1

I'm finally succeeded with ssh tunneling. My point is to open the mysql server to local users only (user@localhost etc.) while providing a remote control to my customers through ssh tunneling.

The problem is when I connect through the mysql command line tool (mysql.exe -u root -h 127.0.0.1 --port=8600) I've got a permission denied error for user root@my.servers.ip.address (the tunnel redirects from 127.0.0.1:8600 to my 3603 remote server)

Well it makes sense since my root exists in mysql.user only with the localhost host.

But then, is there a way for me to somehow tell mysql that this ip address is actually the server's address and that the root should be allowed to connect?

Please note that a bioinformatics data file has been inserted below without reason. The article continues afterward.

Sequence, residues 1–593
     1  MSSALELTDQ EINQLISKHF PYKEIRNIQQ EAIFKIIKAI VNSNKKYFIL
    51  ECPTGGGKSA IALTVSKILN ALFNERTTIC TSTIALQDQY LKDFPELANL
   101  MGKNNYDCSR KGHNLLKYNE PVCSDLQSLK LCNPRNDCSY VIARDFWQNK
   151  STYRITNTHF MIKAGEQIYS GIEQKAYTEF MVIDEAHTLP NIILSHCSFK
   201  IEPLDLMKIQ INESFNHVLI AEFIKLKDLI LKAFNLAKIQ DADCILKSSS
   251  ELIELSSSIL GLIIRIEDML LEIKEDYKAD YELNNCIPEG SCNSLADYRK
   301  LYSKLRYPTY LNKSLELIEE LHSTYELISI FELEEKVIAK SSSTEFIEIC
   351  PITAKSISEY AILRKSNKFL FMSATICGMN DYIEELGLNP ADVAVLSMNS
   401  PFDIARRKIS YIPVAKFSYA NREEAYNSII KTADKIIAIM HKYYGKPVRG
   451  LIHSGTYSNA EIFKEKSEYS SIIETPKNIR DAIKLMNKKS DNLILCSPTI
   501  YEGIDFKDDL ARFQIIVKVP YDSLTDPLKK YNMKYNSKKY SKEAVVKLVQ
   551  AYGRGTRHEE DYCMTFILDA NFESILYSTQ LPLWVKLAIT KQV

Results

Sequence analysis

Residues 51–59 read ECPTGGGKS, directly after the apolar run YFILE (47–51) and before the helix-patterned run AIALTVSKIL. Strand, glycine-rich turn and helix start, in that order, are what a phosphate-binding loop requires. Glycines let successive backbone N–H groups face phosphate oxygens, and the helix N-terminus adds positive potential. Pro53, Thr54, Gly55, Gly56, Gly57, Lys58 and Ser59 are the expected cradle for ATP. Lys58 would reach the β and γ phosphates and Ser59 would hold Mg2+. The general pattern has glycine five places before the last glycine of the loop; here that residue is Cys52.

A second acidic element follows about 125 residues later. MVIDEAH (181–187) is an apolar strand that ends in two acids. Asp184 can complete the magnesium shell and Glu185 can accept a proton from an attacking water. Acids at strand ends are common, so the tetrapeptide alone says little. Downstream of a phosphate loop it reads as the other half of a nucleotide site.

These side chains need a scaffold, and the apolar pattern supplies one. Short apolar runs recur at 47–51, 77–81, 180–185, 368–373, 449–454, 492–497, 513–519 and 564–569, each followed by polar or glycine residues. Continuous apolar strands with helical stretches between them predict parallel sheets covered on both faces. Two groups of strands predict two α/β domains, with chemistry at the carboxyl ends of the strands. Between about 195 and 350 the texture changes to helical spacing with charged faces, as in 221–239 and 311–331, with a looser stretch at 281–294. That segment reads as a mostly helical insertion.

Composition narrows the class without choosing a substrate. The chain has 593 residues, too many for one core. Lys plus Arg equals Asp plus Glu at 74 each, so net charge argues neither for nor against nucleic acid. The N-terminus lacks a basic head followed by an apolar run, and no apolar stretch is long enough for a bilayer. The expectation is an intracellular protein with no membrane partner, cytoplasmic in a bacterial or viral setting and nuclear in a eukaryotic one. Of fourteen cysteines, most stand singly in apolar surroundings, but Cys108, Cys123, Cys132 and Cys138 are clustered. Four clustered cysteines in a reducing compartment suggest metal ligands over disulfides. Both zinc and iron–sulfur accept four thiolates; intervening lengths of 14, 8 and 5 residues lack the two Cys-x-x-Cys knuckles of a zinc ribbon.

I've got no clue where to start. To me if such a thing existed it would be some kind of ip resolving table...

0

Great, here is the solution I found. I'm chosing to post it here instead of just removing the question since I believe it may be relevant for further reference.

Basically the idea is to leave mysql alone but to tell the server to resolve the ip. In the case of my centos6 configuration it means editing the /etc/hosts file and appending a my.servers.ip.address localhost line into it.

Hope it helped! S.

Your Answer

By clicking “Post Your Answer”, you agree to our terms of service, privacy policy and cookie policy

Not the answer you're looking for? Browse other questions tagged or ask your own question.